# Vertical Reference Systems

### Revision for “Vertical Reference Systems” created on November 2, 2013 @ 15:18:29

TitleContentExcerpt
 Vertical Reference Systems Vertical Reference Systems
Definitions 1.1 Vertical Reference System A vertical (height) reference system can be defined by only two parameters: a point with a known elevation from which vertical differences are calculated, and the reference surface. The different height systems are briefly explained below. 1.2 Ellipsoidal Heights The ellipsoid, which is used as part of the definition of a geodetic datum, can be used as a reference surface. The ellipsoidal height is the orthogonal distance between a point and the reference ellipsoid. Therefore, it does not take into account the Earth’s gravity field. 1.3 Geoid The geoid is the equipotential surface of the earth’s gravity field, chosen at a certain level (approximately Mean Sea Level (MSL)) which serves as the reference surface for height measurements. Globally, the difference in elevation between the geoid and the geocentric ellipsoid is between ± 100m. Global and local geoids differ in their origin: global geoids consider only the long- wave and middle-wave part of the earth’s gravity field, whilst local geoids, in addition, also consider the short-wave part of the gravity field, resulting in higher resolution and, hence, better local accuracy. Global geoids are used when consistent, orthometric heights, over long distances (continent or earth surveying), are required. Currently, the world’s best global geoid model is the Earth Gravitational Model (EGM) 200812. It was determined using satellite tracking, gravity anomalies and satellite altimetry. Its accuracy is in the range of ± 0.05m (oceans) and ± 0.5m (on land). This accuracy is higher in flat regions than in topographically mountainous terrain, such as the Alps. In aviation, elevation values have long been referenced to MSL; ICAO Annex 15 [Reference 4] requires that EGM-96 is used as the global gravity model as EGM- 2008 was not available when the requirements for a global gravity model requirement were introduced through Amendment 33 in 2004. The accuracy of EGM-96 is sufficient for terrain and obstacle elevations. This is because it meets the accuracy requirements of aviation and because height information is primarily used in context. For local engineering applications and cadastre-surveying, global geoids are not as accurate as needed. For such applications, local geoid models are calculated, developed using local field measurements. They offer centimetre accuracy over several hundred kilometres, with a high resolution. Local geoids are not suitable for height comparison over large distances since they are based on different origins and reference heights (different equipotential levels). 1.4 Orthometric Heights The orthometric height is the distance (H) along a line of force from a given point (P) on the physical surface of the earth to the geoid (the line is perpendicular to the equipotential surfaces at different levels). 1.5 Normal Heights The normal height (H*) of a point is computed from its geopotential difference to that of sea level. It takes into account normal gravity, computed along the plumb line of the point (height difference of a point to the quasi-geoid). The difference between the normal height and the ellipsoidal height is called height-anomaly or quasi-geoid-height. 1.6 Graphical Representation of Different Reference Surfaces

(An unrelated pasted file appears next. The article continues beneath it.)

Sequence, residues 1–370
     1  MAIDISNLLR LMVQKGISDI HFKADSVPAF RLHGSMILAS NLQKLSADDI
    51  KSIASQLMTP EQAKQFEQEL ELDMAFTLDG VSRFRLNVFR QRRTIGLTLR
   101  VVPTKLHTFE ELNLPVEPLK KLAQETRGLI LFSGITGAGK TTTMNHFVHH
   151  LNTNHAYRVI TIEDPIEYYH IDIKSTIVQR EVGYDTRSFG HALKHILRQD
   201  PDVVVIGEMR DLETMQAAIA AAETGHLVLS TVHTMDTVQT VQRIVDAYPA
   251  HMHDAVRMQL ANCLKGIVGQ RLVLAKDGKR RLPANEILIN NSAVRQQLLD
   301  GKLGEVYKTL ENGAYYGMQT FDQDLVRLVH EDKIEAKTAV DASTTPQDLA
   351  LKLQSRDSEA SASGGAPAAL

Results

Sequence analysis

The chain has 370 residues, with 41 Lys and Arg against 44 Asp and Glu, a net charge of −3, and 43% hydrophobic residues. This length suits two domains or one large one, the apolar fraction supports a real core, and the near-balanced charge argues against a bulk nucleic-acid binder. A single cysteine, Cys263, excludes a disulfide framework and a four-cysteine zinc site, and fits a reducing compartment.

Recent Developments in Vertical Reference Systems 2.1 European Vertical Reference System The European Vertical Reference System (EVRS) has been built to reflect the globalisation of GIS applications and the need for continental-wide, consistent height information. EVRS is a gravity-related height reference system, i.e. the height values provided are normal heights. The EVRS is a tidal zero system. The EVRS is realised in the European Vertical Reference Frame (EVRF) by the geopotential numbers and normal heights of nodal points of the United European Levelling Network 95/98, extended for Estonia, Latvia, Lithuania and Romania, in relation to the Normaal Amsterdams Peils (NAP). The geopotential number at NAP is zero. 2.2 Modernised National Vertical Reference Frames Heights in old national frames were usually determined using levelling. The heights are not strictly orthometric heights since the so-called orthometric correction was not taken into account. Whereas this correction will only be very small (millimetres) in flat areas, it can be several centimetres in mountainous terrain (10-30cm per 100km levelling). The orthometric correction can be determined using gravity measurements. To eliminate inaccuracies, as well as torsion in the vertical reference, national geodetic agencies have started, often in combination with new horizontal reference frames, to rebuild the vertical reference frame, taking into account very accurate geoid or quasi-geoid models. The results are strict orthometric or normal heights which provide the base for a new national height reference frame. This allows the simple combination of GPS measurements (ellipsoidal heights) and levelling since the geoid undulation is precisely known for each horizontal co- ordinate.
Source: Eurocontrol Terrain and Obstacle Data Manual See also: Horizontal Reference Systems Vertical Reference Systems Temporal Reference Systems

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